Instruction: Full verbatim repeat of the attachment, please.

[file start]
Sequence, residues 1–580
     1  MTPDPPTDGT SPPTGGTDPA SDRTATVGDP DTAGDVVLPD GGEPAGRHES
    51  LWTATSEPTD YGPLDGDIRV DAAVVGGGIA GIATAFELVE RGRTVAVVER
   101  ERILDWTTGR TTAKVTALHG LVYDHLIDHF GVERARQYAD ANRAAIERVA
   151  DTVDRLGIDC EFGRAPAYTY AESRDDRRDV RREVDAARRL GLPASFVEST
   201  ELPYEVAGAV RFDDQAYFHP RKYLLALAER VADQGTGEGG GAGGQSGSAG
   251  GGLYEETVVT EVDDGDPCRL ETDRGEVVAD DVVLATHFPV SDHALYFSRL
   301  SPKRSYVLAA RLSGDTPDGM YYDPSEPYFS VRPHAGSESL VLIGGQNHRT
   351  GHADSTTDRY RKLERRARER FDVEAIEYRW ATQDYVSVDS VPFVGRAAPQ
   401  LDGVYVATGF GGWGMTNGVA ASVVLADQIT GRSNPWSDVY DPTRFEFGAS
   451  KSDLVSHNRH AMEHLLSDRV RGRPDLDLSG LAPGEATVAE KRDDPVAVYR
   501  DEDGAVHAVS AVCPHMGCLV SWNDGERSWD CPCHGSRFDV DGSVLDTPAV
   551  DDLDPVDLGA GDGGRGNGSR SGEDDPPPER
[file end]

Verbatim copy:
Sequence, residues 1–580
     1  MTPDPPTDGT SPPTGGTDPA SDRTATVGDP DTAGDVVLPD GGEPAGRHES
    51  LWTATSEPTD YGPLDGDIRV DAAVVGGGIA GIATAFELVE RGRTVAVVER
   101  ERILDWTTGR TTAKVTALHG LVYDHLIDHF GVERARQYAD ANRAAIERVA
   151  DTVDRLGIDC EFGRAPAYTY AESRDDRRDV RREVDAARRL GLPASFVEST
   201  ELPYEVAGAV RFDDQAYFHP RKYLLALAER VADQGTGEGG GAGGQSGSAG
   251  GGLYEETVVT EVDDGDPCRL ETDRGEVVAD DVVLATHFPV SDHALYFSRL
   301  SPKRSYVLAA RLSGDTPDGM YYDPSEPYFS VRPHAGSESL VLIGGQNHRT
   351  GHADSTTDRY RKLERRARER FDVEAIEYRW ATQDYVSVDS VPFVGRAAPQ
   401  LDGVYVATGF GGWGMTNGVA ASVVLADQIT GRSNPWSDVY DPTRFEFGAS
   451  KSDLVSHNRH AMEHLLSDRV RGRPDLDLSG LAPGEATVAE KRDDPVAVYR
   501  DEDGAVHAVS AVCPHMGCLV SWNDGERSWD CPCHGSRFDV DGSVLDTPAV
   551  DDLDPVDLGA GDGGRGNGSR SGEDDPPPER